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    Wegmans Switching to High-efficiency Lighting

    The project is part of the grocer's ongoing commitment to sustainability.

    Wegman

    By the end of the year, Wegmans Food Markets plans to use only half the energy it now employs to light several of its Rochester, N.Y.-area facilities, once the replacement of 5,700 older metal halide and high-pressure sodium fixtures with new high-efficiency fluorescent fixtures with associated controls has been completed.

    The retrofitted facilities will include almost all of the grocer's warehouse complexes in the city, its hometown.

    The U.S. Department of Energy estimates that about 22 percent of the electricity used in the United States is for lighting. The projected electric savings related to Wegmans' project would power over 800 homes for a year.

    Wegmans will spend a little more than $1.5 million to replace the fixtures, and expects to recoup its investment in the form of lower energy costs in about three years. The project is part of the company's overall commitment to the basic principles of sustainability: to reduce, reuse, and recycle wherever possible.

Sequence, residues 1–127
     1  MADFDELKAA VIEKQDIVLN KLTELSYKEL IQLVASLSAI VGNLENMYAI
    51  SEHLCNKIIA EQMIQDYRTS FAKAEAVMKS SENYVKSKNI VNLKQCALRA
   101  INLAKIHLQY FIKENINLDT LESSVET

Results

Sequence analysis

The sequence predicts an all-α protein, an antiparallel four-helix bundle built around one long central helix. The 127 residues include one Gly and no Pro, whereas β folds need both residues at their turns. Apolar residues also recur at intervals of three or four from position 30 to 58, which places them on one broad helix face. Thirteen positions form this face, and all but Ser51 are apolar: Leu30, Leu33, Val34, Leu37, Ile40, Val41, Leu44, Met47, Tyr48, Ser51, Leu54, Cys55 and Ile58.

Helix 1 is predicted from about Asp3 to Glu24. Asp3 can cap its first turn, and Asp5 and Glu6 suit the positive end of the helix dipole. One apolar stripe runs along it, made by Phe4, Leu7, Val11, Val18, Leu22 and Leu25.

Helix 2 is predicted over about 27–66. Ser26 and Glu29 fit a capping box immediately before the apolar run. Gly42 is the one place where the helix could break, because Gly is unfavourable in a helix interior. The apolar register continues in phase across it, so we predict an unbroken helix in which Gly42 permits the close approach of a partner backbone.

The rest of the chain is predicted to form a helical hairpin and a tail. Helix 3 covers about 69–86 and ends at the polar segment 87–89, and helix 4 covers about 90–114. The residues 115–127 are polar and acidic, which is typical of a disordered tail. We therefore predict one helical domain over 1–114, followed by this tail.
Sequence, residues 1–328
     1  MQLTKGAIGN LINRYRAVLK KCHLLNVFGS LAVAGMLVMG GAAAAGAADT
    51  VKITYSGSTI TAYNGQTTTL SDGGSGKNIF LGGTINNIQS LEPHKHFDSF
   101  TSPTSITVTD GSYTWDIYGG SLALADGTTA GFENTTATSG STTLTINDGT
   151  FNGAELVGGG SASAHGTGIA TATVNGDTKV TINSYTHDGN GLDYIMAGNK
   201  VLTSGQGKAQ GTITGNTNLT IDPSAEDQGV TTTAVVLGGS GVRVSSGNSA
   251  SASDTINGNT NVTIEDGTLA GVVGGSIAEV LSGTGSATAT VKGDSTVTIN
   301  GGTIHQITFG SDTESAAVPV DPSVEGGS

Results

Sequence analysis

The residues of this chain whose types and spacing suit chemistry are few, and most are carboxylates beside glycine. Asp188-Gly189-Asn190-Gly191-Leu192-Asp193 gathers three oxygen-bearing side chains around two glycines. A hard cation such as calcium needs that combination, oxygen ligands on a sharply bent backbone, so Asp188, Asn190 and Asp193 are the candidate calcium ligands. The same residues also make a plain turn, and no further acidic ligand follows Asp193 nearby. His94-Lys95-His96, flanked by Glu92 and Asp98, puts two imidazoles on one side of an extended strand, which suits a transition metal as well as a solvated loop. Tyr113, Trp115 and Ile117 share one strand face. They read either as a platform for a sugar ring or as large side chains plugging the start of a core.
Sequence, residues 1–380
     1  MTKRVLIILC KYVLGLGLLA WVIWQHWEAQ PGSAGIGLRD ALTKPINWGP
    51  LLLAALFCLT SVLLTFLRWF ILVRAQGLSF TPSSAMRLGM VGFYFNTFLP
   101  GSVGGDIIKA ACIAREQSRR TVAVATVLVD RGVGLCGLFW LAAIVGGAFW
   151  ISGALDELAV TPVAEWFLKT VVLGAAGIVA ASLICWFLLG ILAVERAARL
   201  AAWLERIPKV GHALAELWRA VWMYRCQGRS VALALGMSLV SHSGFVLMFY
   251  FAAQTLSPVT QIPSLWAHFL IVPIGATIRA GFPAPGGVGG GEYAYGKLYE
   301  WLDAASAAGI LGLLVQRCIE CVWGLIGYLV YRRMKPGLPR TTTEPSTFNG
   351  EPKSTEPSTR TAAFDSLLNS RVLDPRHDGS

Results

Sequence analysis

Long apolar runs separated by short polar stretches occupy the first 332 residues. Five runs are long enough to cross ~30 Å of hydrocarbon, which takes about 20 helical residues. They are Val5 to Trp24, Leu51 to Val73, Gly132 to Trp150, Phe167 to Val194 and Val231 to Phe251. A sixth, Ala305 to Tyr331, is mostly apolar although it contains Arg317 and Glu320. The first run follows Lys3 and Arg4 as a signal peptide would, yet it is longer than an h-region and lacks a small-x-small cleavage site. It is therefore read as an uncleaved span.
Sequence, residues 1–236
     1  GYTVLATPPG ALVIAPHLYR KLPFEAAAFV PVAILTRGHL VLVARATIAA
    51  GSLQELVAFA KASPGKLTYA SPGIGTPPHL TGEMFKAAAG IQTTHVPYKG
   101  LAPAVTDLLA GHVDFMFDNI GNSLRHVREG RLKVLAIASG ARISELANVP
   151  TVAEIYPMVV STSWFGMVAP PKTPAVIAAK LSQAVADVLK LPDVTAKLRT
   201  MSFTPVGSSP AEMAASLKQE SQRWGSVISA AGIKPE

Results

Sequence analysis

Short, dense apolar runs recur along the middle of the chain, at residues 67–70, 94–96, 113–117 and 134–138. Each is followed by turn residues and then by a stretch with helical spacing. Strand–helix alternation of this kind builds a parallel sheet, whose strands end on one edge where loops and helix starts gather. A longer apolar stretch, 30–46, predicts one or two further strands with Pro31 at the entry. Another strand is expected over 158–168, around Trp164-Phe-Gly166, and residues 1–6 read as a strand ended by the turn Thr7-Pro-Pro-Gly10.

"There are many reasons why cutting energy use is the right thing to do," noted Wegmans sustainability specialist Jason Wadsworth. "If we use less energy and thus lower our costs, we can hold the line on food prices, while reducing our impact on the environment. Our employees win, too; the new lights are brighter and create a much better work environment."

    In addition to this project, all new Wegmans stores employ high-efficiency fluorescent fixtures overhead, so aisles can be illuminated for half of the energy cost of the metal halide bulbs previously used. The grocer is additionally using LED lighting for door units of freezer, dairy, and other cooler cases, as well as for exit signs and exterior display signs such as the large Wegmans sign over the entrance of every store. LED technology uses less energy than other forms of lighting and gives off less heat, which is a bonus in a department where temperature controls must be tightly maintained for food safety.

    "We are pursuing environmentally friendly design, construction, and maintenance practices where feasible in all of our facilities," explained Wegmans v.p. of design services and maintenance Carol Duquette. "Lighting is an area where technology is improving energy efficiency at an incredible rate. These lighting projects, and our continued use of environmentally friendly secondary refrigeration systems in our stores, keep Wegmans on the forefront of sustainability in our industry."

    Wegmans operates 72 stores in New York, Pennsylvania, New Jersey, Virginia, and Maryland.

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